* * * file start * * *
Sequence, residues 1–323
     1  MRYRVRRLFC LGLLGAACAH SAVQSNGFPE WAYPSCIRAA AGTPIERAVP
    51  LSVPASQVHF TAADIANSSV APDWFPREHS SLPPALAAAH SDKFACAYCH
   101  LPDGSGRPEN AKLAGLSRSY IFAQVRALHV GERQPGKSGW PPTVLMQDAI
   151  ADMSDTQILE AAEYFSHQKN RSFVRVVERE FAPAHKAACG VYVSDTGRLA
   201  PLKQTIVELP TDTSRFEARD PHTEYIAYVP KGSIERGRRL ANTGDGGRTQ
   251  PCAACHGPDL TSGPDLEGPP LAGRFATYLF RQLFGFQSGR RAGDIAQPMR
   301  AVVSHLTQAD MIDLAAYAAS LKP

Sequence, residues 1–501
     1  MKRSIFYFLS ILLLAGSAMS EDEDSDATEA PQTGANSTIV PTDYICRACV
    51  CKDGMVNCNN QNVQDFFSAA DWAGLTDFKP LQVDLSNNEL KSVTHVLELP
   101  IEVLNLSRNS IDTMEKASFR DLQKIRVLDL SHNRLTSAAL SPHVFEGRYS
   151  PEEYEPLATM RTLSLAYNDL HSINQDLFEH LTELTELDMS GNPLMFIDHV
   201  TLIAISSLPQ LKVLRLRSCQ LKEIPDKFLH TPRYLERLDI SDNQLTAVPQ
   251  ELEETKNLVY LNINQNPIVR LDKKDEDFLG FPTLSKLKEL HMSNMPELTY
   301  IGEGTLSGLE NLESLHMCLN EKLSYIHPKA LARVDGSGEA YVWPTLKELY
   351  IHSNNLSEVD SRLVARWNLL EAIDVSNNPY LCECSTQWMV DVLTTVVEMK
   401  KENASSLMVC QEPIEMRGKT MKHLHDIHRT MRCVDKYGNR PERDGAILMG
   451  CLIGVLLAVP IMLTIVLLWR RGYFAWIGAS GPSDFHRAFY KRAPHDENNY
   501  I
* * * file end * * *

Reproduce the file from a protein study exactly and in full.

Sequence, residues 1–323
     1  MRYRVRRLFC LGLLGAACAH SAVQSNGFPE WAYPSCIRAA AGTPIERAVP
    51  LSVPASQVHF TAADIANSSV APDWFPREHS SLPPALAAAH SDKFACAYCH
   101  LPDGSGRPEN AKLAGLSRSY IFAQVRALHV GERQPGKSGW PPTVLMQDAI
   151  ADMSDTQILE AAEYFSHQKN RSFVRVVERE FAPAHKAACG VYVSDTGRLA
   201  PLKQTIVELP TDTSRFEARD PHTEYIAYVP KGSIERGRRL ANTGDGGRTQ
   251  PCAACHGPDL TSGPDLEGPP LAGRFATYLF RQLFGFQSGR RAGDIAQPMR
   301  AVVSHLTQAD MIDLAAYAAS LKP

Sequence, residues 1–501
     1  MKRSIFYFLS ILLLAGSAMS EDEDSDATEA PQTGANSTIV PTDYICRACV
    51  CKDGMVNCNN QNVQDFFSAA DWAGLTDFKP LQVDLSNNEL KSVTHVLELP
   101  IEVLNLSRNS IDTMEKASFR DLQKIRVLDL SHNRLTSAAL SPHVFEGRYS
   151  PEEYEPLATM RTLSLAYNDL HSINQDLFEH LTELTELDMS GNPLMFIDHV
   201  TLIAISSLPQ LKVLRLRSCQ LKEIPDKFLH TPRYLERLDI SDNQLTAVPQ
   251  ELEETKNLVY LNINQNPIVR LDKKDEDFLG FPTLSKLKEL HMSNMPELTY
   301  IGEGTLSGLE NLESLHMCLN EKLSYIHPKA LARVDGSGEA YVWPTLKELY
   351  IHSNNLSEVD SRLVARWNLL EAIDVSNNPY LCECSTQWMV DVLTTVVEMK
   401  KENASSLMVC QEPIEMRGKT MKHLHDIHRT MRCVDKYGNR PERDGAILMG
   451  CLIGVLLAVP IMLTIVLLWR RGYFAWIGAS GPSDFHRAFY KRAPHDENNY
   501  I